It was rumored that Mormon churches in neighboring towns were gearing up to bus in hundreds more parents to the next School Board meeting, should the issue not find an immediate resolution.

Parents in Brigham City have organized an action committee, and have stated that they will sue the school board and the kindergarten teacher personally for psychic damage to their children. They have asked a BYU Law School professor to represent them in the case, and have already drafted a law for the State legislature which would ban all play acting of same-sex marriage in the public schools.

When kindergarten teacher Renee Mott testified to the combined school board and town council that the situation had come about entirely innocently, her explanation was met with pronounced scepticism.

"I just wanted all the children to have a turn," she concluded, visibly shaken.

"I don't care how "innocent" this thing started," responded LeClare Moffatt, speaking for the combined council. "If not all the students get a turn, that's just too bad. There are more important issues at stake here."

"The farmer has to be a boy," concurred Mayor Tom Merrill. "A boy gets picked first. That's the way we always played the game, and that's the way it should be played. You might as well get used to it."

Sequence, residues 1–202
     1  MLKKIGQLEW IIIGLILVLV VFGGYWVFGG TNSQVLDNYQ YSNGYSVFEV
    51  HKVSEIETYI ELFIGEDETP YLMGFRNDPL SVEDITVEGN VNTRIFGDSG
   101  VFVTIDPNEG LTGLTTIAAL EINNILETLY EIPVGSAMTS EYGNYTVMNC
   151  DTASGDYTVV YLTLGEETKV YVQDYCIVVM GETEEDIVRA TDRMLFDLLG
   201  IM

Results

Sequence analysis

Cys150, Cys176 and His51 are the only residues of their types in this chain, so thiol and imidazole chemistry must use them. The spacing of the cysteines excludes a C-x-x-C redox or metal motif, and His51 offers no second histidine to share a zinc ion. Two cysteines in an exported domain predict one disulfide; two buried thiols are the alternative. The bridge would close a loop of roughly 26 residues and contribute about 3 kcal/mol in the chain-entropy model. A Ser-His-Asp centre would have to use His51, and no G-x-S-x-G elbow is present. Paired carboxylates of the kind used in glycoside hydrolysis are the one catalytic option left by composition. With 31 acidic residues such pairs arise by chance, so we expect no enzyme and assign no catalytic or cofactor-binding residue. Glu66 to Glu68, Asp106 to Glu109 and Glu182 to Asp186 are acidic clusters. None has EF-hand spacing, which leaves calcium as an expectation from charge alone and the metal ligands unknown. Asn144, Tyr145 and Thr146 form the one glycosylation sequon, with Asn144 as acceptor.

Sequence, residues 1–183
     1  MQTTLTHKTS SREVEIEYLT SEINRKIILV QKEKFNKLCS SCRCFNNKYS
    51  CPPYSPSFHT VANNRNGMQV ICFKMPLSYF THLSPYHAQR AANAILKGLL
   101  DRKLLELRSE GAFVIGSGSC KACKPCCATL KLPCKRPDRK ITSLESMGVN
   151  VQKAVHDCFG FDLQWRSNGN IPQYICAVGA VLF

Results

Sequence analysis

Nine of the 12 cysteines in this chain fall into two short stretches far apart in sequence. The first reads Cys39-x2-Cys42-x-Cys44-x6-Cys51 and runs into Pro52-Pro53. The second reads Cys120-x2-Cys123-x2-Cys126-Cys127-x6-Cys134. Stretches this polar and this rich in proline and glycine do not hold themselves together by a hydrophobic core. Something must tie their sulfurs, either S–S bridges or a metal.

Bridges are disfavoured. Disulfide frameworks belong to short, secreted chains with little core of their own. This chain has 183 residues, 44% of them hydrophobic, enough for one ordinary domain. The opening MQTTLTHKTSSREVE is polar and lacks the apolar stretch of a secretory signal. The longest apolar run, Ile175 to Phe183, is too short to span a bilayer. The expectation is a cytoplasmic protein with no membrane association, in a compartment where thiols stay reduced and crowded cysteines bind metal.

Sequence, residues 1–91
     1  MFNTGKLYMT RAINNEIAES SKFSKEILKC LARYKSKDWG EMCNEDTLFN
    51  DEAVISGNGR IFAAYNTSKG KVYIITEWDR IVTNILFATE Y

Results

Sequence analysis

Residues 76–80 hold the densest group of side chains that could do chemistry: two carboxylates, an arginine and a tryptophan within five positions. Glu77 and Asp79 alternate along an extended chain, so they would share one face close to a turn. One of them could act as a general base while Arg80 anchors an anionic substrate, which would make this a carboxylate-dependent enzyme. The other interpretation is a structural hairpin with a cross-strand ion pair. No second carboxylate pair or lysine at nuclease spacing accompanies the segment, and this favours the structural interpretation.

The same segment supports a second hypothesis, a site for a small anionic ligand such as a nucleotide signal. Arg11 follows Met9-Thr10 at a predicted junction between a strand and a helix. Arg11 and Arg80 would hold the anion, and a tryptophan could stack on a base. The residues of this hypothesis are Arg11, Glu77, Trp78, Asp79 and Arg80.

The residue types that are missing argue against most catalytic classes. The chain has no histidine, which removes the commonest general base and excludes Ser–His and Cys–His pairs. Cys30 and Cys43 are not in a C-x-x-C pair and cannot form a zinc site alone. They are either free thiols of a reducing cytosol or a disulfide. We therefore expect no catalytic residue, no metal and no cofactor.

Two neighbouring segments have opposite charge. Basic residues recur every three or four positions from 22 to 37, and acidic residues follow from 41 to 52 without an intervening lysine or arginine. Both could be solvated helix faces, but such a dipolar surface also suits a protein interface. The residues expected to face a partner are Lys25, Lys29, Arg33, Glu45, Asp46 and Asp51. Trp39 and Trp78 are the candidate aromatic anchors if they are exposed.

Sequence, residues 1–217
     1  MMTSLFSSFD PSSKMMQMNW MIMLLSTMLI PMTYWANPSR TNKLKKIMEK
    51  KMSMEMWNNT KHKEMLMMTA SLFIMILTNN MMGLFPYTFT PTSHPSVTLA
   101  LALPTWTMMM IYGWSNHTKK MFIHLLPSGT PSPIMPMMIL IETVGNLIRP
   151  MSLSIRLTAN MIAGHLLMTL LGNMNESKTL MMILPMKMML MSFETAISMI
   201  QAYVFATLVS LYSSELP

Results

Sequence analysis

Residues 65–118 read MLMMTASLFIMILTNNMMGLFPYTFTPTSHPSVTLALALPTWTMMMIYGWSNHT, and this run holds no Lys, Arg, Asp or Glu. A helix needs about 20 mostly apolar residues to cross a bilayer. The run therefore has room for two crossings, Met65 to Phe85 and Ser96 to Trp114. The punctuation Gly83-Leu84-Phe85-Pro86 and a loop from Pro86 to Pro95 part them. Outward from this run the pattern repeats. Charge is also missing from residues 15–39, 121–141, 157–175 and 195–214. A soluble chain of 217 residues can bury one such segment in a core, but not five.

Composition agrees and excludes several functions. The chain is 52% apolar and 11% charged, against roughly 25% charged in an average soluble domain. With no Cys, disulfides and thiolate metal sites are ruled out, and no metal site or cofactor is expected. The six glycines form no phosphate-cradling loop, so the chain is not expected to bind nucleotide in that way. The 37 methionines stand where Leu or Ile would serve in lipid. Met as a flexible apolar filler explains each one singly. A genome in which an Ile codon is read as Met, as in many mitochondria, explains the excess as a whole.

The extraordinary joint session of parents and school board dismissed after reaching a tentative solution. Regardless of class sex ratios, boys would be picked first. However, in the interests of fairness, the position of "the Cheese" would be reserved for a girl. At the end of the game, the children sing "the Cheese stands alone, the cheese stands alone. Hi ho the dairy-O, the cheese stands alone."

"That should be enough to make anyone happy," concluded school board president Jack Peterson.

C.K. Woodworth, A.P. remote correspondent



The June editorial for The Letter - Kentucky's gay and lesbian newspaper.
by David Williams, Editor

According to the Associated Press, a kindergarten teacher in Utah was recently called to task by her local school board for trying to inculcate same-sex values into her young charges. A familiar story, perhaps. What was so worrisome wasn't what the story was, however, but what it wasn't.

It seems that the teacher, Renee Mott, was perplexed at the imbalance of girls over boys in her class. But it wasn't much of a problem until she organized a traditional "Farmer in the Dell" playground sing-along game, where students form a circle and one stands in the center.

At the point in the song where the "farmer" (the student in the center) "takes a wife," Mott sometimes allowed the farmer to tag a female, even though the farmer was another female.

When the townfolk caught wind of it, they panicked and packed the school board's next meeting.

"This is just setting a bad example to our young and impressionable children," said Jared Day, whose child was in the class. "If you don't stand up for family values, this country is going to go right down the toilet." Others accused Mott of dragging innocent children into a ditch. "We can't let that kind of pollution into our town," Janabel Millett said. Lawsuits were threatened.